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Berkshire Hathaway Chairman Warren Buffett walks through the exhibit hall as shareholders gather to hear from the billionaire investor at Berkshire Hathaway Inc’s annual shareholder meeting in Omaha, Nebraska, U.S., May 4, 2019.

Scott Morgan | Reuters

David Rolfe, a longtime Berkshire Hathaway shareholder and chief investment officer at Wedgewood Partners, is fed up with Warren Buffett.

Rolfe told clients in a letter he sold the firm’s stake in Berkshire after decades of being shareholders, noting his frustration with the conglomerate’s massive cash hoard, lackluster investments and what he thinks are missed investment opportunities by the Oracle of Omaha and his team during the current bull market.

Berkshire Hathaway shares have lagged the S&P 500 over the current bull run, which started March 2009. In that time, Berkshire’s Class A stock is up 323% while the broad index has gained 334%.

“Thumb-sucking has not cut the Heinz mustard during the Great Bull Market,” Rolfe wrote in the third-quarter letter to clients. “The Great Bull could have been one helluva of an astounding career denouement for Messrs. Buffett and [Vice Chairman Charlie] Munger.”

Not that Buffett will miss Rolfe much, the RiverPark/Wedgewood Fund owned 48,000 shares of the Berkshire B class of stock, amounting to about $10 million. And Rolfe’s performance throughout the bull market has not been the best, either. His fund’s annualized returns, net of fees, are 13.6% over the past 10 years through the second quarter, according to a factsheet found in the Wedgewood Partners website. In that time, the S&P 500 has posted an annualized return of 14.7%.

Berkshire’s cash pile swelled up to more than $120 billion by the end of the second quarter of 2019, a record for the company. In his annual letter to shareholders, Buffet said he wanted to make an “elephant-sized acquisition” but noted prices were “sky-high.” Rolfe thinks so much cash is a “considerable impediment of growth” for the company.

Rolfe also grew frustrated with some of Berkshire’s investments during the current bull market. He highlighted IBM and Kraft Heinz, among others.

Buffett revealed his $10.7 billion IBM stake in the fourth quarter of 2011. But by early 2018, he had sold the entire stake. In that time, IBM shares dropped more than 20%.

Kraft Heinz is another investment that hasn’t panned out for Berkshire, especially since 2018. The stock has lost about two-thirds of its value in that time.

These moves “do not inspire confidence that Buffett & Co. are still at the top of their game,” Rolfe said.

Buffett and Munger are 89 years old and 95 years old, respectively, and questions over who will succeed them have been percolating for years now. At the company’s annual shareholder meeting, Buffett said longtime executives Greg Abel and Ajit Jain could one day join him and Munger on stage to answer questions, hinting at Abel and Jain’s succession potential.

Rolfe also noted Berkshire missed two major opportunities at the start of the bull market by not investing big in credit-card companies Mastercard and Visa. During the bull market, Mastercard has surged more than 1,800% while Visa is up over 1,300%. Berkshire has stakes in both companies, but they make up a tiny portion of the company’s equities portfolio.

“These two stocks should have been layups for Buffett,” Rolfe said.

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US-China trade deal mood is pessimistic in Beijing, according to government source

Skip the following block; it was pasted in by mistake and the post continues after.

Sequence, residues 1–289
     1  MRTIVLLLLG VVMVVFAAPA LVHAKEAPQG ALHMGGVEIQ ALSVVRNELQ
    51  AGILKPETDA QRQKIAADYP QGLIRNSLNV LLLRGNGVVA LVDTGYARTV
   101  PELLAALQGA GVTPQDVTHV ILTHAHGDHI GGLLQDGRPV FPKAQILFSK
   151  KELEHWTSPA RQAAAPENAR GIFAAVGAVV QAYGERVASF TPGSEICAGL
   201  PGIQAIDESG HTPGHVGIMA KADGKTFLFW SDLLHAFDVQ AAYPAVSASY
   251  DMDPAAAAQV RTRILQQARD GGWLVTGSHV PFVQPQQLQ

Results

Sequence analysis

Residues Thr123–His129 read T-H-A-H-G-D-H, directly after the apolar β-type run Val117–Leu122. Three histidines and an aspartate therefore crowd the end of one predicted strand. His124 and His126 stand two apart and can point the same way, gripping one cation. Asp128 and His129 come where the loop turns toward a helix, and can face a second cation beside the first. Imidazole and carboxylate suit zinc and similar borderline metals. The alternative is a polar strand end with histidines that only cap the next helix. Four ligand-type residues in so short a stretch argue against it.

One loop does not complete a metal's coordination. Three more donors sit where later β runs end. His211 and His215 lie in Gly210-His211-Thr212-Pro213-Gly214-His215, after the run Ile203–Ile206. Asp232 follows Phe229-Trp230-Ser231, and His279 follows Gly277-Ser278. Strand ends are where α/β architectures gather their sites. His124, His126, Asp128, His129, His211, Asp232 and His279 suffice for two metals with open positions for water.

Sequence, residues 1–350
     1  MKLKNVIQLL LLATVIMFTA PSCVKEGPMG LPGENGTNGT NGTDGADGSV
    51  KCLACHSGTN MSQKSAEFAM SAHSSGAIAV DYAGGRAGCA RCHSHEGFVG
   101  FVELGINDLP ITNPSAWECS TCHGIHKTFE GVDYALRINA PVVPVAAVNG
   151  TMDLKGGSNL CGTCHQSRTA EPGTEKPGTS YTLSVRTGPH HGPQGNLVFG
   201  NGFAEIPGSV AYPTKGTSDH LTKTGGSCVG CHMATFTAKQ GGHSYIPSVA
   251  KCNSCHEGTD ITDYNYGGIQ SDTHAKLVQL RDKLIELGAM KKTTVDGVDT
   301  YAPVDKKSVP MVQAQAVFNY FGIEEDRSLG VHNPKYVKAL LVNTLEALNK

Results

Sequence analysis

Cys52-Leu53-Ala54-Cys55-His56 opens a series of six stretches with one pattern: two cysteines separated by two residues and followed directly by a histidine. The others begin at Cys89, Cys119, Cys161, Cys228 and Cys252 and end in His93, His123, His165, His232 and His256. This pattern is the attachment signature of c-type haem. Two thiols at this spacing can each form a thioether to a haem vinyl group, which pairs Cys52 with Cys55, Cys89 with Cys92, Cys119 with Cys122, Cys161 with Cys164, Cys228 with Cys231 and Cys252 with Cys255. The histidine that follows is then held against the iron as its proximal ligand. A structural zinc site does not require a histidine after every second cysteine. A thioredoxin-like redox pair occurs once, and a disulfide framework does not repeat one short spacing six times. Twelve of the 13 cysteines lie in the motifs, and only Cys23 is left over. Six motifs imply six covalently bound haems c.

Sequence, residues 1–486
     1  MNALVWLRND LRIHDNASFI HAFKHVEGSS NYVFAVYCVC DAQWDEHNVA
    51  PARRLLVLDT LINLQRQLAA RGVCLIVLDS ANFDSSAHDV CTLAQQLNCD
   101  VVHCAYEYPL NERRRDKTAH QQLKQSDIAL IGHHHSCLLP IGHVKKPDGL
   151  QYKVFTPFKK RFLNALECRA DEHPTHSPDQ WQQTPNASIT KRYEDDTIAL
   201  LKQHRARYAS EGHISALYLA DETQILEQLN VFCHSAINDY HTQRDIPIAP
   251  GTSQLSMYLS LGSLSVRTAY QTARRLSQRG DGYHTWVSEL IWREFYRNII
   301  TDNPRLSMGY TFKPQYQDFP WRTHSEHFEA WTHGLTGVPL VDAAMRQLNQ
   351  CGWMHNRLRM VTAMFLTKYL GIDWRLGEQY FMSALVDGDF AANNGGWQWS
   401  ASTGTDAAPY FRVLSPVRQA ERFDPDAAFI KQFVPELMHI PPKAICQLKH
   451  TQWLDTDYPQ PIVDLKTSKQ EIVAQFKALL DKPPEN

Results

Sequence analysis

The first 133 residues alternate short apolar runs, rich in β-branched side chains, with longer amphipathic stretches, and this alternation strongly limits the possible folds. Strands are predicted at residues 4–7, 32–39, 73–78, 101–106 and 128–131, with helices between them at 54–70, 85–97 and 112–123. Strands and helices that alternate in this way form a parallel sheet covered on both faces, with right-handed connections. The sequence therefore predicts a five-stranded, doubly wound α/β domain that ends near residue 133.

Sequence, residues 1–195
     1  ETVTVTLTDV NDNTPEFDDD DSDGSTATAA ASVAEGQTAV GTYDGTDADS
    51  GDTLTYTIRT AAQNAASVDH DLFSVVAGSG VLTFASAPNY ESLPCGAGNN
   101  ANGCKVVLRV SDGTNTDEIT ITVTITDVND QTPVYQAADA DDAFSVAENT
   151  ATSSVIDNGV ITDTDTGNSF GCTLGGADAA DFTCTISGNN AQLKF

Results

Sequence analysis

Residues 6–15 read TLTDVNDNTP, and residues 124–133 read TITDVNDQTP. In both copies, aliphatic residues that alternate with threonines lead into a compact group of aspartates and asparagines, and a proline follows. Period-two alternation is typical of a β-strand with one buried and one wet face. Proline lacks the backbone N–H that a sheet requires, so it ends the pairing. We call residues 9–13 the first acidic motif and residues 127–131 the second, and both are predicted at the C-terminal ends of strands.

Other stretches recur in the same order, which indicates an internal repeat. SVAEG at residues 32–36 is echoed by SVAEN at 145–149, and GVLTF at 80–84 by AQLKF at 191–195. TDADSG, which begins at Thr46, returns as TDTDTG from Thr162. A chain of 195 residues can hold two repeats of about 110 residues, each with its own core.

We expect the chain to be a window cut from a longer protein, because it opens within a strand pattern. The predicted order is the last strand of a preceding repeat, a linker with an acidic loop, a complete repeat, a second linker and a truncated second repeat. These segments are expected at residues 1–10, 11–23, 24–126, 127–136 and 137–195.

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The mood in Beijing about a trade deal is pessimistic due to President Donald Trump’s reluctance to roll back tariffs, which China believed the U.S. had agreed to, a government source told CNBC’s Eunice Yoon.

Stocks opened down on the trade headlines.

The U.S. and China agreed to work on a limited “phase one” trade deal in early October. China has pushed for a removal of the additional duties imposed on each other’s products in different phases, as part of the deal. Chinese Commerce Ministry spokesperson Gao Feng said earlier this month that the two sides had reached an agreement on the tariff rollback.

However, Trump said a week ago that he has not agreed to scrap tariffs on Chinese goods, contradicting the signal from China and dampening hopes about a coming resolution to a jarring trade conflict.

The Chinese are looking carefully at the political situation in the U.S. including the impeachment hearings and the presidential election, the source said, adding the officials are wondering if it is more rational to wait things out since it is unclear what Trump’s standing will be even in a few months.

There is disagreement over issues such as a specific number of agricultural purchases, the source said. The Chinese are resisting because, in part, they could risk alienating other trading partners, the source told CNBC.

The trade war between the world’s two largest economies has dragged on for nearly two years. The Trump administration has slapped tariffs on more than $500 billion in Chinese goods, while Beijing has put duties on about $110 billion in American products.

Trump hopes to resolve outstanding gripes with Beijing’s trade practices, including forced technology transfers and intellectual property theft, while securing more Chinese purchases of U.S. agricultural goods.

The White House did not immediately respond to CNBC’s request for comment.

The Chinese Ministry of Commerce said Sunday that the two sides had “constructive discussions” about “each other’s core concerns” and agreed to remain in close contact. Meanwhile, White House economic advisor Larry Kudlow said Friday that the two countries were “getting close” to reaching a trade deal.